We pulled out yesterday morning at 7:40 a.m., our earliest departure yet, under blue skies but headed toward a massive pile of clouds squatting over the mountains peaks. Our ascent was quick and steep up to the first pass, the Passo della Cissa.
For our whole pilgrimage, starting in late August in Germany, it has felt like the first week of autumn, even amidst the wild fluctuations in temperature. (The snowstorm in Bivio is the one exception.) Just enough leaves had fallen on the ground to give it that distinctive fall scent, and every so often there was just a blush of red on the leaves still on trees, and the light has been fading and slanting more every day. I suppose we have been moving south quickly enough to keep steady with the seasons.
Now in the Apennines it feels like the second week of fall. From high up on the mountains we could look over the vast forests on the hillsides, mostly green but glinting as if a fine sifting gold rain had fallen on them. The sun sets by 7 behind the peaks and is golden all day except right around noon. We’re crunching on more chestnuts and brown leaves as we pick our way on the old stone roads, so bumpy that they were clearly made for mules—not humans or cars.
We had nearly reached the pass when I spied some large beasts blocking our progress. They turned out to be wild horses, some white, some brown, some grayish-black. They seemed unfazed by our presence, but horses are pretty enormous animals and on the touchy side. We decided to take the literal high road through the field above them instead of trying to pass through their midst. A little farther along at the highest point there were bare field and more wild horses, shadowy in the mist. We peered over the edge and saw—nothing. Just white cloud, except for a few moments when a tunnel cleared through it and we saw, as if looking down from an airplane aloft, the tiny cars and trucks hurtling by on the superstrada.
We actually had to descend a fair distance to get to the pass itself (i.e., the place where the cars go). Just as Andrew predicted, there was a café, a bar, and a souvenir shop at the pass, though only the last of these was actually open.
From there we meandered around the hills through a lovely forest full of the biggest variety of fungi either of us have ever seen. There were little round pink ones like parasols; tall white ones with caps almost as long as the stems, tawny brown ones seven inches tall and a cap wide and flat enough to seat the caterpillar from Alice in Wonderland, oddly shaped ones dripping black ooze from their rims, and—most delightful of all—the favorite mushroom of European folk culture, a white-stemmed toadstool sporting a bright red cap with white polka dots (I’ve even seen Christmas tree lights in this shape).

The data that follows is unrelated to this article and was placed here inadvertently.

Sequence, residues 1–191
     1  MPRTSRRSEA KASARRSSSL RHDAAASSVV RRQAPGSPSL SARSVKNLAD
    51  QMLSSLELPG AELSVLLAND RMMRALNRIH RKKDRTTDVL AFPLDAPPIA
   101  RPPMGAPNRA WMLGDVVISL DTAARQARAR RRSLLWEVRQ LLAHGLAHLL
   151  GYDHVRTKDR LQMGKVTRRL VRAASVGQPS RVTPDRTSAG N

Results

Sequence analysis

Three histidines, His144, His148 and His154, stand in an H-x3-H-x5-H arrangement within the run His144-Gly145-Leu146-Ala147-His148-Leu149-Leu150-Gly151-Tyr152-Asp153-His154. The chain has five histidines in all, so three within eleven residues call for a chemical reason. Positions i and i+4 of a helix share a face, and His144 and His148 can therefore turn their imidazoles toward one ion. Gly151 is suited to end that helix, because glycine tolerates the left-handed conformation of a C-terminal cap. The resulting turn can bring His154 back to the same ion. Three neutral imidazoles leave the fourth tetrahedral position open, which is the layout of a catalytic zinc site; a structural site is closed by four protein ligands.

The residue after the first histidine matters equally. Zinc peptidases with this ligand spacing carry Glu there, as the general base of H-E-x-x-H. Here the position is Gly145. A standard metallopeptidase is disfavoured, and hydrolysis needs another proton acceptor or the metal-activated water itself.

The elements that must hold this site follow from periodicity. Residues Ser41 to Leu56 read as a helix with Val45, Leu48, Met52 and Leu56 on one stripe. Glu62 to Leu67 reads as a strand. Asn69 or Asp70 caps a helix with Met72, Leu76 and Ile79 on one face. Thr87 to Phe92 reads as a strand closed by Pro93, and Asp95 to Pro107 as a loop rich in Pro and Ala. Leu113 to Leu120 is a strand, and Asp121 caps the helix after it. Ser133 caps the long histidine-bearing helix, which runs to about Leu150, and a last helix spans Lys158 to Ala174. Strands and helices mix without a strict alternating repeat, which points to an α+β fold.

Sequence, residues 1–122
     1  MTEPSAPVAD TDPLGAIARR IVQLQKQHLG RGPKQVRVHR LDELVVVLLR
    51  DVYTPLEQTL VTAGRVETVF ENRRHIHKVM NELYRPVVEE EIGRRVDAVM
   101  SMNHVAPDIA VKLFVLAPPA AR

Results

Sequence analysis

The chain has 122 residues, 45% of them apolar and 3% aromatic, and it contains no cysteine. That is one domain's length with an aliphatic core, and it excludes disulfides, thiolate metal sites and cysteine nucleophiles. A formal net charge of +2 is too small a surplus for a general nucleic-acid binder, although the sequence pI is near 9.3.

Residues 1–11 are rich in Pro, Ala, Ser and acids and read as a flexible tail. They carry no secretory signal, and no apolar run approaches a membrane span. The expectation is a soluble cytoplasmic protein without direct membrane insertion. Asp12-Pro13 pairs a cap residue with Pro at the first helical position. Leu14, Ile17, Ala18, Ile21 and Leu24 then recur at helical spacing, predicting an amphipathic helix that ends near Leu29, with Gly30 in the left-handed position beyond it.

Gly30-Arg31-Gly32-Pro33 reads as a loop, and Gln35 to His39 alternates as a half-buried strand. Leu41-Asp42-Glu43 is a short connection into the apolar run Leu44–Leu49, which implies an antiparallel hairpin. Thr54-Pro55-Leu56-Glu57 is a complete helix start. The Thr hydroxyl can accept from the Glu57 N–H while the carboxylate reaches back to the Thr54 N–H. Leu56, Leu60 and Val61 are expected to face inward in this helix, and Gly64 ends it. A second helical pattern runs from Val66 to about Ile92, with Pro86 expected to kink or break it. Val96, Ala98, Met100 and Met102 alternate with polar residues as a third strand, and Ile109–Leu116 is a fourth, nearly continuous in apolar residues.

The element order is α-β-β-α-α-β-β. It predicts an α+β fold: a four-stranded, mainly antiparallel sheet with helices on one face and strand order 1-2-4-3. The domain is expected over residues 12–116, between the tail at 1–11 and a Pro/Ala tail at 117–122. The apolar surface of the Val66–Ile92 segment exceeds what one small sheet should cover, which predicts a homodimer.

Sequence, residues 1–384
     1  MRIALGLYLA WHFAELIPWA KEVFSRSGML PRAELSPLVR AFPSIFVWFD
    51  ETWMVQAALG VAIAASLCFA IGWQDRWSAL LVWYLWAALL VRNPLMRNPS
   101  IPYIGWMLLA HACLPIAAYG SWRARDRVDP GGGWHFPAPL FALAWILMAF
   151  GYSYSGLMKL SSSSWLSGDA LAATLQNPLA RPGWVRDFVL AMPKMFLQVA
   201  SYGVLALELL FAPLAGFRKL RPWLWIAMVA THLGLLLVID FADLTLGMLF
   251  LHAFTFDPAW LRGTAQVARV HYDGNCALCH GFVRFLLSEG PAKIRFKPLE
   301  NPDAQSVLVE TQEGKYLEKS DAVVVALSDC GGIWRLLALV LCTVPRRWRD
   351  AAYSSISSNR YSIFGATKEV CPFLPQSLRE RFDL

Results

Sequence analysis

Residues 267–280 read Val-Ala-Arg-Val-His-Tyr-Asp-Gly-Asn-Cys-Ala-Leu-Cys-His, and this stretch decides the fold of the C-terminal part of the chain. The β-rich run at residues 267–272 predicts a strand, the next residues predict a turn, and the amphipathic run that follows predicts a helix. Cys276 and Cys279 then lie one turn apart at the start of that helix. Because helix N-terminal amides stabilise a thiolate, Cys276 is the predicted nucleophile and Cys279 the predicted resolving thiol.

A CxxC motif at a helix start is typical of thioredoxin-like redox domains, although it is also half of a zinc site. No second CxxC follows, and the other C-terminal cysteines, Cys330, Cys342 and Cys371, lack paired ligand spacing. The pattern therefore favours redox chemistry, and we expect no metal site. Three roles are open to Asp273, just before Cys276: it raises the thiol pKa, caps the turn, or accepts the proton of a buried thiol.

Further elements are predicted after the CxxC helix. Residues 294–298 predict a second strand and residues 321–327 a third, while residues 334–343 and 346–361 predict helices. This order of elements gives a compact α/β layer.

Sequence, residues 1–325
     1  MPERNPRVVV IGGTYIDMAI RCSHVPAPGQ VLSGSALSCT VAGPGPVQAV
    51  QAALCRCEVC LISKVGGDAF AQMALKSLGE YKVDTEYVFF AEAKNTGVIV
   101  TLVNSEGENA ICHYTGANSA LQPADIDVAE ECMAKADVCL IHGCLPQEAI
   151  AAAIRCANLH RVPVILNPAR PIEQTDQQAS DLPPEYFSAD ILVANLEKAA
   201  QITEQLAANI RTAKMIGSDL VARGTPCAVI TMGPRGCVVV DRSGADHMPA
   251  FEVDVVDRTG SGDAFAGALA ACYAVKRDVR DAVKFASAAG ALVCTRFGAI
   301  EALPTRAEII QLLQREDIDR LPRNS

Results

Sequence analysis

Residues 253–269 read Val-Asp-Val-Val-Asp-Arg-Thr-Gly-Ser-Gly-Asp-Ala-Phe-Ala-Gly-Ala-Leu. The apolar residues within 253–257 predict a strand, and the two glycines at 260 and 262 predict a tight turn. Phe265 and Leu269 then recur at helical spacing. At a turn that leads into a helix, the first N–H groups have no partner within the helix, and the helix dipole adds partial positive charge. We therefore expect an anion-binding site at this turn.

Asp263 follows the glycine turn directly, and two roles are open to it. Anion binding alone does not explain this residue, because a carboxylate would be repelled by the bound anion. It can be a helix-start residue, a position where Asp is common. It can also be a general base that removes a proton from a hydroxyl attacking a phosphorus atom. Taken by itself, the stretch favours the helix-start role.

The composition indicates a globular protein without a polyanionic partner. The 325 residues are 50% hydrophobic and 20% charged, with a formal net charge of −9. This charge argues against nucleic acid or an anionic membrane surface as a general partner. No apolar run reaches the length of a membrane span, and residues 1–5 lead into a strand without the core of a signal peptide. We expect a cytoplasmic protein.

We probably had too much fun locating the mushrooms and dawdled too long in the forest, because by the time we came out the other side we had still a long, long way to go. Almost the whole route was up and down, up and down, on challenging paths, lots of rocks and mud to negotiate. Going downhill was even harder than going up. Once we had to roll up our pants and take off our socks to ford a fast-flowing river, happily not glacier-cold. The rest of the river crossings involved bridges, though some of them looking about from the Roman era and not likely to hold out much longer.
The scenery was gorgeous; we walked the border between Emilia-Romagna and Tuscany on the mountain ridge and then descended into Tuscany. Still the Apennines it is quite sparsely populated—every so often you seen a little town built of stone nestled into the hillside. We walked through a couple of these towns, wonderfully 3-D in how they are built around the slopes, with terraced gardens and retaining walls. As we walked along our poles brushed against the great clumps of mint and oregano growing everywhere, shooting their scent into the air around us. It was here that we saw our first olive groves, too, with their pale green fruit.
It was nearly 7, which means nearly dark, by the time we got to Pontremoli. I had long since lost my energy as well as my reserves. Despite the beauty it was a painful slog to the end. The last little bit was on a paved but unused road and we just flat out ran down it—so nice not to watch every step, so nice to move a little faster. Once in town we were confronted with the specter of a huge, ugly, crumbling building, and I said to Andrew that I hoped we weren’t staying there; and in fact I hoped even more than I knew, because it turned out to be the civil hospital!
Then we started searching for our night’s hostel, hoping for a good parking spot nearby for the camper… and found out that they weren’t kidding when they called it the “castello ostello,” the castle hostel, because the only way to it was up a narrow staircase off the narrow street from the middle of the old city! The stairs were not exactly an inviting prospect after the 12 hours of walking, but the lack of parking was a deal-breaker, so we managed to make new arrangements with the Cappucin monks on the other side of town, conveniently possessed of a parking lot in front of the church.
One of the monks received us and informed us that we were crazy for having come all the way from Berceto on the Via Francigena, which judgment I was inclined to agree with. When we told him the purpose of our pilgrimage, he told us that he’d spent 30 years in Turkey, where Christians are such a tiny minority that all of them—Protestants, Catholics, and Orthodox—live in a very friendly ecumenical friendship. He hoped the same would happen in Italy and elsewhere, maybe as a result of the growing secularization and corresponding minority status of Christian believers.
We feasted on pizza fetched by the Wilsons—now including Andrew’s older brother Jed, here to join us for a week—and then slept the sleep of the righteous, or as much as Lutherans are able to.